Woman, 101, caps long career of giving

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Dorothy Kennedy says she learned how to sew, knit and crochet when she was 4 years old, and hasn't stopped for 97 years.

Mrs. Kennedy, 101, a resident of North Hills Health & Rehabilitation Center in Pine, estimates that she has crocheted more than 1,000 caps for cancer patients.

"That's how I spent my life," she said.

Mrs. Kennedy is a native of Ambridge, and a 1930 graduate of Ambridge High School. A widow for 47 years, she has one son in California and had another who predeceased her. She is a lifetime member of Ambridge United Presbyterian Church.

She was an only child with six aunts and two grandmothers who taught her to sew, knit and crochet before she even entered school.

One of her parents' friends gave her a hand-cranked sewing machine, while another person gave her a pair of scissors.

"I was taught to do all the needlework, handwork around the age of 4," she said, adding that she knitted a sleeveless sweater for her favorite doll before she started school.

Before World War II, Mrs. Kennedy knitted 50 vests for soldiers, while her mother made 100 vests.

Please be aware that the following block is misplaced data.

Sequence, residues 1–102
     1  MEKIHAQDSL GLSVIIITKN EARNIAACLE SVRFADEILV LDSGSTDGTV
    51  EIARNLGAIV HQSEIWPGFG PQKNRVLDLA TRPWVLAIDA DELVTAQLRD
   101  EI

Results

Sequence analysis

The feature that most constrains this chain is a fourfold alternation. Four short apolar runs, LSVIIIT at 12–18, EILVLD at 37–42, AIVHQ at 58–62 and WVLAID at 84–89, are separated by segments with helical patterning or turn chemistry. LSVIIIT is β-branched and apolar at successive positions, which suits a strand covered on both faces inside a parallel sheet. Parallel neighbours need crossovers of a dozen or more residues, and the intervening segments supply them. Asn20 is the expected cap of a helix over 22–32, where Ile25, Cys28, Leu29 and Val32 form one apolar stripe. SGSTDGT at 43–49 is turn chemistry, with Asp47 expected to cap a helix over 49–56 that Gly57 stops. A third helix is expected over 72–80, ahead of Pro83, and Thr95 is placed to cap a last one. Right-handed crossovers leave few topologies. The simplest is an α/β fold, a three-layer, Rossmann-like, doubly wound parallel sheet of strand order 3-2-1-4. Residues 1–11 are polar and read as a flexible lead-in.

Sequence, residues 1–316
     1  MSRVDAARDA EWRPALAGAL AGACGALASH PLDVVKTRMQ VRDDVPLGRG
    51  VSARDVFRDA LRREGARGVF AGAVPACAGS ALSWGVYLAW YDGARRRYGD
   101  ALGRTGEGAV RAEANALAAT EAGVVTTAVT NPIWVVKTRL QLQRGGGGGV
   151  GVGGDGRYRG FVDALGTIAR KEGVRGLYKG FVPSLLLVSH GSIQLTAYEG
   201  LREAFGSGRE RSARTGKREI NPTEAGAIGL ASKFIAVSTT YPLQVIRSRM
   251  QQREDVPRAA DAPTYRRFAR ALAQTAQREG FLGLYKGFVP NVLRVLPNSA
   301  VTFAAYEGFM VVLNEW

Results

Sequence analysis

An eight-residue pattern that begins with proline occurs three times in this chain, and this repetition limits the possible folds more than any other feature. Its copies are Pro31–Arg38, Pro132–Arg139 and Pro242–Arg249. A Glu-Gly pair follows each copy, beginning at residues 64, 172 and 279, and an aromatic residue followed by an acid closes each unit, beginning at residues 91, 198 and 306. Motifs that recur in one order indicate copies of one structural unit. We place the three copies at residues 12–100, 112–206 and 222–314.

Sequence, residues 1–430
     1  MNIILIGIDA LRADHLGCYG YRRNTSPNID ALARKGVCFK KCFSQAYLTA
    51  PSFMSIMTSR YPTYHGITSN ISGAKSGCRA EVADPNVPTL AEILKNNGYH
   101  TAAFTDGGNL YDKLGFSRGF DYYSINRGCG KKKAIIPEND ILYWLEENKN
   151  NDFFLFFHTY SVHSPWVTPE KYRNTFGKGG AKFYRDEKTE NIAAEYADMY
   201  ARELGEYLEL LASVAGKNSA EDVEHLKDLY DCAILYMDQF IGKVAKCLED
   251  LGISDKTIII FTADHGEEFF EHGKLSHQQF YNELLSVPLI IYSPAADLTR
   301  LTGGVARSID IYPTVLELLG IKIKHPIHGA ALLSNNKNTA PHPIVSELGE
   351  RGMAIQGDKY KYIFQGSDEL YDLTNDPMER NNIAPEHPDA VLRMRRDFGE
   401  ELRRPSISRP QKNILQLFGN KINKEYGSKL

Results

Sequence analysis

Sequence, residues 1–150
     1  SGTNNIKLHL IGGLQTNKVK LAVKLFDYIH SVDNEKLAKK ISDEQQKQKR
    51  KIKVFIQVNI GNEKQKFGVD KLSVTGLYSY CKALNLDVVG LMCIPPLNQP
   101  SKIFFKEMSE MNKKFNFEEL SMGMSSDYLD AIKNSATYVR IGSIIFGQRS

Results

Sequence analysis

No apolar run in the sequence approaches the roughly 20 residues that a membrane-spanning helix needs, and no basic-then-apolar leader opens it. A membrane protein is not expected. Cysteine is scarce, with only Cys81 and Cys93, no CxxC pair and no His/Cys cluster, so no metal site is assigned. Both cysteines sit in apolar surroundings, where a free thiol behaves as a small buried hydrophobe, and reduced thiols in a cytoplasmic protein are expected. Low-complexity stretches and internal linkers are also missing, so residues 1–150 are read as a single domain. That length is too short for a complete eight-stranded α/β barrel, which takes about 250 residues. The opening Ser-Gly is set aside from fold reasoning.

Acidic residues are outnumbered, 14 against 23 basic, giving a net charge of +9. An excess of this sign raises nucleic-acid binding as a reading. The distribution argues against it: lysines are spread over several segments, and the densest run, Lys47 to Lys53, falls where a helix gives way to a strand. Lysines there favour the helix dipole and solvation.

Then missionaries told her of the Guidepost Sweater Project, and the need for sweaters for the overseas missions.

"I saw a picture of the dearest little girl -- I'll never forget that face -- and she was holding this little rose and singing 'God Bless America,' " she said. " ... I sent right away for the directions."

She made 100 sweaters for the Guidepost project, but stopped because the sweaters became too bulky to handle.

In 1938, she started to make caps for her church bazaar. "Something seemed to tell me to make cancer caps, and I think that voice came from God," she said.

A woman she spoke with at the American Cancer Society said she had not heard of caps for patients, but told Mrs. Kennedy to go ahead and "make your own pattern."

Mrs. Kennedy came to the Pine nursing home in 2010, after breaking her leg, arm and shoulder in a fall.

Then she contracted what she calls a "mystery infection," followed by gallstones.

In her room, among photos of family members, is a framed postcard from President Barack and Michelle Obama, which she received for her 100th birthday.

She attributes her longevity to a life of not drinking, smoking or overeating.

"I've tried to live a good life, tried to do what is right," she said. "Plus, I've always gone to church, always believed in God."


Sandy Trozzo, freelance writer: suburbanliving@post-gazette.com. First Published March 14, 2013 4:00 AM


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